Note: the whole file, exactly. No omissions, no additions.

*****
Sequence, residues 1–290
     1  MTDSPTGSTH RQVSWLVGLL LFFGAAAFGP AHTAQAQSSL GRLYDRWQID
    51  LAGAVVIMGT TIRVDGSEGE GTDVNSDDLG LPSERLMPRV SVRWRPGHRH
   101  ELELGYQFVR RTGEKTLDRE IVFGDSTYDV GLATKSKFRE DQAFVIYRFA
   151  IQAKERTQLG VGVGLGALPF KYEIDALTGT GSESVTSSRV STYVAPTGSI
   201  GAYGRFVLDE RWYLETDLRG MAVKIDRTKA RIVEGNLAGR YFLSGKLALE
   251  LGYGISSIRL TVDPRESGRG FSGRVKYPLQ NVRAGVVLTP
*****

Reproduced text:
Sequence, residues 1–290
     1  MTDSPTGSTH RQVSWLVGLL LFFGAAAFGP AHTAQAQSSL GRLYDRWQID
    51  LAGAVVIMGT TIRVDGSEGE GTDVNSDDLG LPSERLMPRV SVRWRPGHRH
   101  ELELGYQFVR RTGEKTLDRE IVFGDSTYDV GLATKSKFRE DQAFVIYRFA
   151  IQAKERTQLG VGVGLGALPF KYEIDALTGT GSESVTSSRV STYVAPTGSI
   201  GAYGRFVLDE RWYLETDLRG MAVKIDRTKA RIVEGNLAGR YFLSGKLALE
   251  LGYGISSIRL TVDPRESGRG FSGRVKYPLQ NVRAGVVLTP